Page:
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    BP Unveils First 'Green' Gas Station

    The building offers eco-friendly design and environmental tips for consumers, but does not supply drivers with alternative fuels.

    LOS ANGELES -- BP's newest gas station has gone green -- environmentally that is. The station, dubbed "Helios House," features a metal canopy covered in triangles of uncoated, recyclable stainless steel. The rooftop holds 90 solar panels and a rainfall collection system that irrigates drought-tolerant plants nearby. Low energy lighting illuminates the cars which drive on the gas island, which is made of concrete mixed with bits of recycled glass, reported The Los Angeles Times.

    Helios House -- derived from the oil company's sunburst logo -- opened Friday for motorists in the area, but only those that can use traditional hydro-carbon-based fuels. No alternative fuels such as biodiesel are available at the station, but may be installed later, the report stated. The station, made of earth-friendly farmed wood and reduced pollution paint, replaces a Thrifty station that was operated on the property.

    "The whole site is really a lab," Ann Hand, senior vice president for global marketing and innovation at BP, told the paper. "Everything we have on this site is about reuse. My hope is that people will see that they can do little things ... to move up to a greener lifestyle."

    Employees at the station will check tire pressure on cars and give advice that properly inflated tires boost gas mileage. In addition, they will distribute energy-saving tips printed on recycled paper embedded with flower seeds, which will sprout when the card is planted in the ground, the report stated. The fuel dispensers are equipped with screens that will show environmental videos to customers while they pump gas.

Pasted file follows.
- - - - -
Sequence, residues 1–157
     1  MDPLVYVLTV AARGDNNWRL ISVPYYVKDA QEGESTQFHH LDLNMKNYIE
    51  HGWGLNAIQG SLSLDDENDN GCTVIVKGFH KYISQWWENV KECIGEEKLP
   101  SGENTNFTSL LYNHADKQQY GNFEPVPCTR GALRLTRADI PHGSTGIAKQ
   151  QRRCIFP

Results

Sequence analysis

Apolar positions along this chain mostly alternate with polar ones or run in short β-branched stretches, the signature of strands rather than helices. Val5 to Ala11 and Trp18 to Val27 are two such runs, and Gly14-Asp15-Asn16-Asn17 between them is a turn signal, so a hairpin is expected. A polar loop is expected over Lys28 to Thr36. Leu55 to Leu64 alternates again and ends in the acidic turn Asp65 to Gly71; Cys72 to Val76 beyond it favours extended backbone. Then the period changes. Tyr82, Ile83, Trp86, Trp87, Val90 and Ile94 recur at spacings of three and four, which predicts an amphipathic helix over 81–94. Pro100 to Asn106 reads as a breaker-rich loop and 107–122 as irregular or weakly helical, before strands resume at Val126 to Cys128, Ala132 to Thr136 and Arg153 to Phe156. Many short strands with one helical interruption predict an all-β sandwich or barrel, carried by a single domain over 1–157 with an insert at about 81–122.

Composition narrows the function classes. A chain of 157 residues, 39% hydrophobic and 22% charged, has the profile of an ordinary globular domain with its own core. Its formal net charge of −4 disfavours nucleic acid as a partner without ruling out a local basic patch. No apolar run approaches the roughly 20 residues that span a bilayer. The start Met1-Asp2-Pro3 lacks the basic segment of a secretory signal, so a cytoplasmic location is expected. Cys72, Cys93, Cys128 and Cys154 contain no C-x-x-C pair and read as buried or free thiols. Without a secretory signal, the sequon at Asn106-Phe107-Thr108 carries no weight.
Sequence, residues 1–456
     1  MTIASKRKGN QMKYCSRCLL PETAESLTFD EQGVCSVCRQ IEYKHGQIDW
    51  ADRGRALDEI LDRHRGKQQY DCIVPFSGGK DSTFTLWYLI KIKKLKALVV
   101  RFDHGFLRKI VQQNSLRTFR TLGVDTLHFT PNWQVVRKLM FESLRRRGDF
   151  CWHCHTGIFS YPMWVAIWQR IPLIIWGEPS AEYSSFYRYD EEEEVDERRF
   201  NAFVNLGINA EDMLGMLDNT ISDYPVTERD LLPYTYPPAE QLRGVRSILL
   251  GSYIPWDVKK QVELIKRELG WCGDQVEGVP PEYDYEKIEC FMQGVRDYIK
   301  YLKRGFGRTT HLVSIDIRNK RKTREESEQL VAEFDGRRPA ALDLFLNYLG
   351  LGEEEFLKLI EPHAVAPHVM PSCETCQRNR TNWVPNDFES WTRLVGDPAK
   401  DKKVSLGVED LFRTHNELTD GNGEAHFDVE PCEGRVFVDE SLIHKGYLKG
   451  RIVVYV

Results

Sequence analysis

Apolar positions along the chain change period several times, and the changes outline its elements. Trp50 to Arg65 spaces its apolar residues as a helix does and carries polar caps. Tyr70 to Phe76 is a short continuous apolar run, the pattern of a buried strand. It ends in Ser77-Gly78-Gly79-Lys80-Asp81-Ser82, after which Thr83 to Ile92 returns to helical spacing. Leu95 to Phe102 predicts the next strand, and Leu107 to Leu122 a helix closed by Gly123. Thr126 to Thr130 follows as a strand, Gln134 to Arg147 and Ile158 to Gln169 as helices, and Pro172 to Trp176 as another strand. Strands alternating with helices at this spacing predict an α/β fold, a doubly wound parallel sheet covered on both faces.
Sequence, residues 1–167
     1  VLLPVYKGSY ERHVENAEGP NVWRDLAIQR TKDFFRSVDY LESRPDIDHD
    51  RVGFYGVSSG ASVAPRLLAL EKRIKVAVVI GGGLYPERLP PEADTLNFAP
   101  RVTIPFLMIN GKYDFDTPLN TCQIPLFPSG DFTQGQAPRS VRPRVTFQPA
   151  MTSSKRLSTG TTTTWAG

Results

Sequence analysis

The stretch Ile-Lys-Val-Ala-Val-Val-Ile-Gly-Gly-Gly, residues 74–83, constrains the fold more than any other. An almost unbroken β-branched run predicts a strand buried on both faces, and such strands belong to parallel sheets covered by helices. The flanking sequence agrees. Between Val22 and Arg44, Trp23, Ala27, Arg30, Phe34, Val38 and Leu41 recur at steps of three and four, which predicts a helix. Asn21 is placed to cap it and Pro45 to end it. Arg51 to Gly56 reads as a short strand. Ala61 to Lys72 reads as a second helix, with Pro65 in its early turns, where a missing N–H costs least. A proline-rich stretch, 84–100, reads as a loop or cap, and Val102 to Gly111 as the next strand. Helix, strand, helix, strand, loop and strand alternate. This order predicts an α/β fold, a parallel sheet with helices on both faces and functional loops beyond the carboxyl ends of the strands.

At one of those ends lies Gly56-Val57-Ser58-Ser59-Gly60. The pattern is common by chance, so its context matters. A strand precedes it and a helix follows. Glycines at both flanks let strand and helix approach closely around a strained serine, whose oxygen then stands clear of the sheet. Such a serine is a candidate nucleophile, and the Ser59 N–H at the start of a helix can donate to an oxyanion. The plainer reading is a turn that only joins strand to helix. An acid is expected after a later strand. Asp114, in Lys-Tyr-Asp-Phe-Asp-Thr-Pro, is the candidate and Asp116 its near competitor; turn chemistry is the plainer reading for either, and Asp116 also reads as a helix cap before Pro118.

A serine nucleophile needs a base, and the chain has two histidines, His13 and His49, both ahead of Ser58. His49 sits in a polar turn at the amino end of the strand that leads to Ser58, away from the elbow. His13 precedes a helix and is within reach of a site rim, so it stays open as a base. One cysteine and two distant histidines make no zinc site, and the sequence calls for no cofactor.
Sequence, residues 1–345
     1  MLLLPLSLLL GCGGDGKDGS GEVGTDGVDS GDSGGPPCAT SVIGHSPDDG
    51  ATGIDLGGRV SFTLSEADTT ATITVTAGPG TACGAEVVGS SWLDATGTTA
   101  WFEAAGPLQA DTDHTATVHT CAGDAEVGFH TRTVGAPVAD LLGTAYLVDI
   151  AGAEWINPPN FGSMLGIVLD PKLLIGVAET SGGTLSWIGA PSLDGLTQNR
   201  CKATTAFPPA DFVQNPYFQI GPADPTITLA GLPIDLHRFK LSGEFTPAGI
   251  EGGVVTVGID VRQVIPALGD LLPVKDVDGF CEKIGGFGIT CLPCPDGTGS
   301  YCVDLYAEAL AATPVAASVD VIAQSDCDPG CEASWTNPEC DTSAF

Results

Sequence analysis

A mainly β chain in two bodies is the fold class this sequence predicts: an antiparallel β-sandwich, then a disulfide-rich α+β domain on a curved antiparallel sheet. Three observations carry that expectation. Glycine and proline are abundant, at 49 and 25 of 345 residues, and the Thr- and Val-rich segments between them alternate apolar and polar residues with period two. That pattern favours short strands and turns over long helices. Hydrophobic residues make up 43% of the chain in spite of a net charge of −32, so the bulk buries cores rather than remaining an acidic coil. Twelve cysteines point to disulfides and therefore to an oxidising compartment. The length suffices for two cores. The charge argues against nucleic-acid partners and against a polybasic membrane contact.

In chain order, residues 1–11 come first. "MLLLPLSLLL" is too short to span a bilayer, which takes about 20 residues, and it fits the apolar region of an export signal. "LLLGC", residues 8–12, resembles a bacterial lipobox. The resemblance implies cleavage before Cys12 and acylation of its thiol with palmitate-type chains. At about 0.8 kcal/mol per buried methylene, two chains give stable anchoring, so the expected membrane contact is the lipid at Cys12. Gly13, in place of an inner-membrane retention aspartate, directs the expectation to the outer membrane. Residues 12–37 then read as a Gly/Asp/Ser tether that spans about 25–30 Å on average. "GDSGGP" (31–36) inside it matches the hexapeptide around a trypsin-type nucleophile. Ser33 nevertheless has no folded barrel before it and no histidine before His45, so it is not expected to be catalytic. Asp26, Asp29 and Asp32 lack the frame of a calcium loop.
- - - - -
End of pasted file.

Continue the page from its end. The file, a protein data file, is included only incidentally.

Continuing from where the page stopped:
"This is just the starting point," Hand said. "Day one is not the final product." BP will encourage operators of its Arco and Thrifty branded stations to adopt some of the green practices showcased at Helios House, Hand said.

    Construction on the gas station was hidden behind nylon shades covered with pictures of giant grass blades. Word about the station spread online after BP advertised on www.Craigslist.com, seeking "smart, ethical, conscientious team members to educate consumers about taking small steps in the right direction to help reduce their impact on the environment," the report stated.

    Critics acknowledged the 'green' stance, but emphasized more should be done. "It's better than doing nothing. But it's not the kind of leadership that we ultimately need from big, big companies like BP," said Bernadette Del Chiaro, clean energy advocate for the Los Angeles-based Environment California. "I'm not extremely impressed."

    "It's hard to critique it because it's more than other oil companies are doing, but it's really not getting us 'beyond petroleum,'" she continued. "It's kind of green-washing for a product that is extremely dirty."

    "It's not a PR stunt," BP’s Hand said. "Even though we've had a series of unfortunate events, you've got to keep looking forward and innovate. We know it's a bit of a paradox, but we don't think that's an excuse to do nothing."

    Helios House is scheduled to receive certification as the nation's 735th green building by the U.S. Green Building Council, a Washington-based nonprofit group, council spokeswoman Taryn Holowka told the Times.

    "This goes beyond adding a solar panel to the roof and putting in a low-flow toilet," Lockwood said. "If they're willing to take this first step, then I think we should be cautiously optimistic."

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